A new, unexpected, thought-provoking exhibit at downtown's Seattle Art Museum has our wheels spinning yet again. This time, curators dazzle with a vibrant and enticing exhibit called City Dwellers: Contemporary Art from India. This exhibition enlivens the Seattle museum's walls through Sunday, Feb. 15, 2015, providing an insider's view of contemporary urban life in India through the eyes of 12 artists who live and work in different metropolitan areas of the subcontinent.
Seattle Art Museum visitors can feast their eyes on this gem – "Reassurance" (color photograph) – from the "Definitive Reincarnate" series, 2006, Nandini Valli Muthiah, Indian, b. 1976 — Photo courtesy of © Nandini Valli Muthiah
The works showcase the mega-cities of India, areas where "ancient history and rituals, global consumer culture and a wide range of socio-economic spectrums meet in dynamic and surprising constellations."
All featured photographers and sculptors come from a generation typically known to be well-traveled and informed by international art and politics, making these artists' take on the people and mythology of their native country all the more interesting.
"As a result, their works highlight the contradictions, changes and subtleties that unfold in the private and public spheres," reads a statement by the Seattle Art Museum.
Gallery-goers find works like "Criminals" (after 2001 newspaper photograph) from the project "Native Women of South India: Manners and Customs" — Photo courtesy of © Pushpamala N. Photo courtesy Nature Morte, New Delhi.
All works in the exhibit come from the collection of Sanjay Parthasarathy and Malini Balakrishnan, a couple who live in the Seattle area. The Seattle Art Museum first began with an emphasis on Asian art collections, so this broader view of contemporary Asian art only seemed appropriate to present-day curators.
City Dwellers intends to present a potent mixture of India's ancient mythology and religions, hundreds of Hindu gods and goddesses, public rituals, dance performances and more.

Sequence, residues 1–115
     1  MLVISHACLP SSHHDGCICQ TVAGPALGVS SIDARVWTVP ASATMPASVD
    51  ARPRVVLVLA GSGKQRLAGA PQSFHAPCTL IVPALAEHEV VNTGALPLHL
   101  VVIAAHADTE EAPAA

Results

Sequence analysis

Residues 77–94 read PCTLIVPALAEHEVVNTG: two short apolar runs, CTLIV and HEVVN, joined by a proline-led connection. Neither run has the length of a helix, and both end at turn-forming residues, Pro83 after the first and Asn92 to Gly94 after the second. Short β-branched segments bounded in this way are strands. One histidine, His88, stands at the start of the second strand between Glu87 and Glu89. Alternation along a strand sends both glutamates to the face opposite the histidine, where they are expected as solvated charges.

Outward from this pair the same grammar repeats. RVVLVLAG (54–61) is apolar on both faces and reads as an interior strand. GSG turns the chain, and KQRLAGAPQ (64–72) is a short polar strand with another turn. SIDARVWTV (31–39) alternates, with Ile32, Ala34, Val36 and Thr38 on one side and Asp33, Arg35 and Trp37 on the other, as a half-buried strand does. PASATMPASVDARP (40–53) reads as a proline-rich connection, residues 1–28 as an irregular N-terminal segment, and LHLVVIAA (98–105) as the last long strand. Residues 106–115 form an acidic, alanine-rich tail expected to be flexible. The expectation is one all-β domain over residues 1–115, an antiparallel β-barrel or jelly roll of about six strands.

Add into the mix the influence of Bollywood and the reality of a rapidly modernizing India (Think tech-savvy nation, where the IT industry thrives.), and the layers involved become even more complex. Works in this show demonstrate how some of these pressures are rubbing up against each other in 21st-century India.
The collection of Sanjay Parthasarathy and Malini Balakrishnan includes works like "Untitled" (digital print) of Godrej Typewriter Factory, 1984 — Photo courtesy of © Sooni Taraporevala
In discussing some challenges that arose in designing this exhibit, curator Catharina Manchanda speaks about the complicated history of photography as a medium in India (because of the former reign of British Colonialism in that part of the world); she admits the need to be conscious of "reams and reams of romanticized travel photography."
"Photography is a potent choice for contemporary Indian artists, perhaps because the country has been somewhat photographically over-exposed to western visitors," says Manchanda. "City Dwellers conveys the complexities and also the excitement of everyday life in India today."
Visitors can expect to see works, separated into three thematic rooms, that range from unique sculpture (like a life-size, bright red Gandhi listening to his iPod) to a surreal (and sometimes humorous) triptych work that takes up an entire exhibit wall.
For more information about the Seattle Art Museum and current exhibits, visit the museum website.